In the 1970s, members of the local community, made up of Fishkill rotary club and Fishkill historical society members approached the Fishkill planning board with a proposal to build a historical park on the original Fishkill Supply Depot Historic Site. Instead, the board approved the building of the Dutchess Mall. At approximately the same time, the state of Pennsylvania turned over what was state land to the Federal Government establishing Valley Forge National Historic Park. Both sites played significant roles in the American Revolution, with George Washington’s Army spending one winter in Valley Forge, and two winters at the Fishkill Supply Depot. The Dutchess Mall has unfortunately become a failure for the community, and that area of the Fishkill Depot was permanently lost. The question to ask then is what would have happened had Fishkill built the historic park rather than the mall. On April 29, 2016, a new National Park Service (NPS) report showed that there were 2.1 million visitors to Valley Forge National Historical Park in 2015. These visitors spent $26.6 million in communities near the park, and that spending supported 471 jobs in the local area which had a cumulative benefit to the local economy of $40.1 million dollars. Based on that report, and the location of Fishkill in New York, a historic park at the Fishkill Supply Depot Historic Site could have been a major international tourist destination bringing significant investments, jobs and economic development to the Hudson Valley. It is not too late to build an historic park here!

In order to understand the contested Continental Commons project, I have attended several of your Town of Fishkill Planning Board meetings, and I have found your members to be knowledgeable, maintaining a questioning attitude, and focused on attention to detail. It is my sincere hope that you truly appreciate the historic value of the property that Continental Commons seeks to develop, and if the value gained by a historically themed strip mall outweighs the inherent value of the property being used as a historic park. As professionals, I hope each board member reads the Hunter Report as created by the National park service grant in 2016. In this federally sponsored and highly detailed report, two significant recommendations are made that I would encourage the Town of Fishkill Planning Board to support. The first is for the local community to give consideration to adopting historic preservation and archeological provisions into the Town Code, and other measures such as establishing a historic preservation advisory board made up of members from each group that has a stake in the Continental Commons project. The second would be to have the Town of Fishkill officials and zoning and planning boards to work cooperatively with the Friends of the Fishkill Supply Depot, Fishkill Historical Society and local landowners to develop a coordinated plan that balances historic preservation and land use development within and immediately around the Fishkill Supply Depot, and that appropriately respects the role of the Fishkill Supply Depot in the Revolutionary War.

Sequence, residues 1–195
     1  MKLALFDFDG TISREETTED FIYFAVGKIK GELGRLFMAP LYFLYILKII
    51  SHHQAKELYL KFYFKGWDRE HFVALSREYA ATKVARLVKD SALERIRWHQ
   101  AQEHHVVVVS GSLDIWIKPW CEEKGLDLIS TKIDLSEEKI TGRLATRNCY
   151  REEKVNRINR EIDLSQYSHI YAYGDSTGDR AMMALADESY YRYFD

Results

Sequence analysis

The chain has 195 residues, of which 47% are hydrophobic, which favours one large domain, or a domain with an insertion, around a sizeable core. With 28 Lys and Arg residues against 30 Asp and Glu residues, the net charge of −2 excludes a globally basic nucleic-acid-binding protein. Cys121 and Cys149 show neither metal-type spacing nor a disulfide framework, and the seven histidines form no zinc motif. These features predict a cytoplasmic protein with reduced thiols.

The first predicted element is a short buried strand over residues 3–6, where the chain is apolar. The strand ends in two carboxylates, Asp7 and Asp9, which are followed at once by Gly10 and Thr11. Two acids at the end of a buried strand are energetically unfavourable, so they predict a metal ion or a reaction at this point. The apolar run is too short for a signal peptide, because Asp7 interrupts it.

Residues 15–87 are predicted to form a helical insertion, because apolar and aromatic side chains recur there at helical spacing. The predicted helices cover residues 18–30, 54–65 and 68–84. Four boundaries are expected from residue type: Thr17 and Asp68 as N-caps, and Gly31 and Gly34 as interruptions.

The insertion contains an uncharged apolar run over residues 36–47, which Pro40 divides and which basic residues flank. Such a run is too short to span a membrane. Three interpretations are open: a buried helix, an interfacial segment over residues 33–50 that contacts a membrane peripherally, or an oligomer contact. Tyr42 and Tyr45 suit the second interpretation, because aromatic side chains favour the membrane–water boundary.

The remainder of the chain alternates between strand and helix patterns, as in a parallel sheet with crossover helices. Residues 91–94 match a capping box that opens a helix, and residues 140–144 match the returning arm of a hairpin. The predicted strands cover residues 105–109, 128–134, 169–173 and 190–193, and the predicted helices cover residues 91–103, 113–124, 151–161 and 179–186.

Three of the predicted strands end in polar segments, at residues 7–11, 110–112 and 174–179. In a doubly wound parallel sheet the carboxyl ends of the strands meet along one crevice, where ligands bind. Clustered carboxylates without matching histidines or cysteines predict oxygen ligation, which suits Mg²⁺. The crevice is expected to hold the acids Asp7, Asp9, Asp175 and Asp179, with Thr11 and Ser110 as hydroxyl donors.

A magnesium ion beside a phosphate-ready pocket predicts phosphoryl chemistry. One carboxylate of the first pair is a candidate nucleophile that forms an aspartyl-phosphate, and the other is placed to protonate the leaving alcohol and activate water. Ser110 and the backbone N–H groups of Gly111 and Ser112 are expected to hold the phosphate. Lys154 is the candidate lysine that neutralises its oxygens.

As a Veteran, I am especially drawn to the military significance of the Fishkill Supply Depot Historic Site, and as such would prefer to see the property converted into a historic park. I firmly believe that the military cemetery should be designated and honored properly for the patriots that are interred there, and I do not believe that the current owner has displayed the good faith or proper status that should be in place. I do hope that the Fishkill Planning Board and the Village of Fishkill will make the best decision possible to both honor the history of the Fishkill Supply Depot Historic Site and provides the greatest benefit to the Hudson Valley. The Fishkill Supply Depot is not just a local treasure, but a national one and should be treated accordingly.

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Does anyone know who bought the Maya Cafe? I didn't event know it was for sale until after the sale announcement was made. I was once told that the building where the Maya cafe is may be quite old, and was either part of or replaced a structure that dates back to the FSD era?


Feb 19, 2020

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Valley Forge had 2.1 million visitors in 2015 and the Dutchess Mall lays in ruins!?! Had the Town of Fishkill built a national park instead of a mall, with our proximity to New York City and 84, the Town of Fishkill would be flush with money as a gateway to a major historic park today.